This post was written by Dana Ward, Yijia (Alice) Xu, Danial Kang and Christopher Daniel, pictured above.

This semester, we participated in the CEL Entrepreneurial Consulting Team course. This unique course provides students an opportunity to work with a startup company and help it solve various issues. We would like to share our experience with you.

Our client

Zoog is an asynchronous communication smartphone app that allows consumers to bring books to life using built-in augmented reality face masks, filters, sound effects and animations. It provides an interactive platform to connect people, especially during the pandemic.

This is particularly attractive to grandparents, who may not have seen their grandchildren for a long time but can still read and record stories for them via Zoog. We were deeply intrigued by this creative product and interested in contributing to the app, which can foster connection during this difficult time. You can learn more about our client on their website or download the app. Use the access code ILOVEZOOG

Zoog is in its early phase. It recently introduced its product to schools in Atlanta, and it is expected to grow its library of content for users.

Zoog’s primary concerns are in two areas: business and legal. Accordingly, we divided our team into two corresponding groups and compiled our findings. The business team researched and recommended the most suitable subscription model for Zoog, and it proposed a model for Zoog to cooperate with book publishers.

The legal team analyzed copyright license agreements and the various related legal issues, including the derivative use, the doctrine of fair use, and vicarious and contributory liability. The legal team related the issues to Zoog so that it will be more informed about how to proceed in legal negotiations and in what ways the use of copyrighted materials might be allowed.

Our experience

During this course, our team members applied our classroom knowledge to the project. For instance, we applied knowledge from the pricing strategies course and entrepreneurship class to help our client solve business problems, and we also used different legal resources and issue-spotting skills we learned in law classes.

This course has also helped us prepare for our future aspirations and for becoming better leaders. For instance, one of our team members is interested in working in consulting full time. This class provided her a unique experience to understand what that could really look like.

She has also gained lots of project management and client communication skills that will be essential in her career moving forward. This course has also taught us how to solve complex problems, how to communicate with teammates and clients, and how to work with others.

The CELect experience is different from other classes because it provides us an opportunity to work with a real startup company. Instead of a detached reading of a case about other companies’ issues, we actively participated in solving various problems for our client, sharing their concerns and brainstorming ideas that may affect the future of their product.

Advice for CELect participants

It offered us a vivid experience of the satisfaction and bewilderment harbored by entrepreneurs, encouraging us to proactively search for information and make decisions, instead of following others’ direction.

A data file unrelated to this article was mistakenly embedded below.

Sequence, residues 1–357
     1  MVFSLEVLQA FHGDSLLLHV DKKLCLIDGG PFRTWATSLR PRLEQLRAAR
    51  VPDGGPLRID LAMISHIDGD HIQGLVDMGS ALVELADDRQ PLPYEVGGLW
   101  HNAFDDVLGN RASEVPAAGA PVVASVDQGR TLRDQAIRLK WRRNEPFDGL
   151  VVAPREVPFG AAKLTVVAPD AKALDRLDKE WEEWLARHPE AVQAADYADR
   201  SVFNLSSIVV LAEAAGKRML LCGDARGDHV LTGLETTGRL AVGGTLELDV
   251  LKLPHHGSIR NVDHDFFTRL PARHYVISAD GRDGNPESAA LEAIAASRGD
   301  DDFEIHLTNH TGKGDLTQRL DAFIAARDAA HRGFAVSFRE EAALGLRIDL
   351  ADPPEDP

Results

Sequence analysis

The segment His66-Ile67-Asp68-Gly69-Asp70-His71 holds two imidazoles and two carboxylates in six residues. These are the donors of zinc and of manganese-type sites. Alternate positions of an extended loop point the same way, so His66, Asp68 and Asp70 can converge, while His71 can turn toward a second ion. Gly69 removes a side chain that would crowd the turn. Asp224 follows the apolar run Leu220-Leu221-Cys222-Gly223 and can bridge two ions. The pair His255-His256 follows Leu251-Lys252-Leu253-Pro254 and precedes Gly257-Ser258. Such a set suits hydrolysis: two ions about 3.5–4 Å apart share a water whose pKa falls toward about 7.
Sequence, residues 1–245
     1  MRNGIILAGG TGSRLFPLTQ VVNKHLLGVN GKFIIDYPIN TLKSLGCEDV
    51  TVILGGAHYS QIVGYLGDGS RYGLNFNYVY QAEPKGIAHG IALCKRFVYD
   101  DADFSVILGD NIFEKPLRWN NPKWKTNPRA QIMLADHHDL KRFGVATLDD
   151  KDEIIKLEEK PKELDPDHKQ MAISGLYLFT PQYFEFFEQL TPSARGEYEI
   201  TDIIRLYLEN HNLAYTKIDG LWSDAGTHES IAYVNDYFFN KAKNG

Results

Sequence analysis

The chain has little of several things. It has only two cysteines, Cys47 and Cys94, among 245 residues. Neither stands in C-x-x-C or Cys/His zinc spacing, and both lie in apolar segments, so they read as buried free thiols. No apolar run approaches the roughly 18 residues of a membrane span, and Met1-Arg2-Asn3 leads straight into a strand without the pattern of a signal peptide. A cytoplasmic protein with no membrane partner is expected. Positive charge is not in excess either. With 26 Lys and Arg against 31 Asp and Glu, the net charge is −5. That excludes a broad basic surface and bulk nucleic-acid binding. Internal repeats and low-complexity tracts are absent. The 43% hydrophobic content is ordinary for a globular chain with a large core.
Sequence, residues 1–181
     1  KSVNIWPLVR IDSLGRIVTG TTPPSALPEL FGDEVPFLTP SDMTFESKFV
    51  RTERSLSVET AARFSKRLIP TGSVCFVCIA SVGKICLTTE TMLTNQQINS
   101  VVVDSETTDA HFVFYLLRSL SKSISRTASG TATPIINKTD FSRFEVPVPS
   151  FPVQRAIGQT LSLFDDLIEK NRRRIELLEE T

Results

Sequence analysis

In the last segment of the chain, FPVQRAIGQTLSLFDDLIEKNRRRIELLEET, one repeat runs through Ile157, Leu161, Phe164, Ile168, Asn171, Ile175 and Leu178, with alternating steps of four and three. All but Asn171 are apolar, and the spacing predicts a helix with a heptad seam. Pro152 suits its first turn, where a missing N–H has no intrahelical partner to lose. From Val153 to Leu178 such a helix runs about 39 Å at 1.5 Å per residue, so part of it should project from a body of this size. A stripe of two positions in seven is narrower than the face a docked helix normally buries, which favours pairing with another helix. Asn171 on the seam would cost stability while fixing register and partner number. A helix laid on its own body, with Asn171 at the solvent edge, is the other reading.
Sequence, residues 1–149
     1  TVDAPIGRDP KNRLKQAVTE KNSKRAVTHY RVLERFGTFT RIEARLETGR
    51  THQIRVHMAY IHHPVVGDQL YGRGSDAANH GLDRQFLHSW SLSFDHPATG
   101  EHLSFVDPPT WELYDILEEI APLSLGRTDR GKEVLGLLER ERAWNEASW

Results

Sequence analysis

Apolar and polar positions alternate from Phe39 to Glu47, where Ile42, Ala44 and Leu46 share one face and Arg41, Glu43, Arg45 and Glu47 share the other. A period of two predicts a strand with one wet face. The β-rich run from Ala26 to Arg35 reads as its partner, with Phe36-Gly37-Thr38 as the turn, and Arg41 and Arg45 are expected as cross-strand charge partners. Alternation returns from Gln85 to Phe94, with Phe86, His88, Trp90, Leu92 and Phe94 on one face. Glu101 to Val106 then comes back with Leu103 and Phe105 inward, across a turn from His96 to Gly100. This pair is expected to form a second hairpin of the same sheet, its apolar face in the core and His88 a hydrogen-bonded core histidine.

For those who are interested in CELect, our team has some advice for you! First, we think it is very important to listen to the client’s preferences and concerns while conducting research and making recommendations.

You should also read deeper into what the client wants. They may say they need one thing, but don’t stop there. Let them know what they are missing so they can make a complete and informed decision.

You should also be very organized about your tasks and actively cooperate with teammates, and be ready to help each other when needed. We are sure that you will learn a lot from this fulfilling and enjoyable experience.

When the COVID-19 pandemic and resulting economic downturn caused internship cancellations, WashU Olin and the Center for Experiential Learning stepped up to provide summer learning opportunities for students while supporting St. Louis-based businesses. We’ll be sharing their stories on the Olin Blog. Today, we’ll hear from Joshua Rahn, BSBA ’94, co-founder & general partner at Oceans Ventures.

Given the pandemic, what compelled your company to get involved with this program?

I am an alumnus from 1994 who got my entrepreneurial career kickstarted at Wash U, as I was an owner of one of the University trucking companies.  That experience set the groundwork for my 25-year career in tech and start-ups.

I am also a believer that karma works, and I wanted to pay it forward to the next generation of graduates. Couple that with my recent dialogues with Doug Villard and Ted Manion, and I was excited to engage with Wash U’s student body as soon as I could.

What is your project about? 

We are building a social network/sharing operating system for early stage investors. In essence, we are building a platform to reduce friction in a very old system.

How have you found working with Olin’s students?

Working with these students is awesome. They are itching to be exposed and engage with tech forward companies and we are loving working with them.

What advice would you give students on the cusp of graduating at this time in history?

Take internships. Take all opportunities presented to you. Learn. Ask questions: lots of them. Add value. Get experience. Become irreplaceable.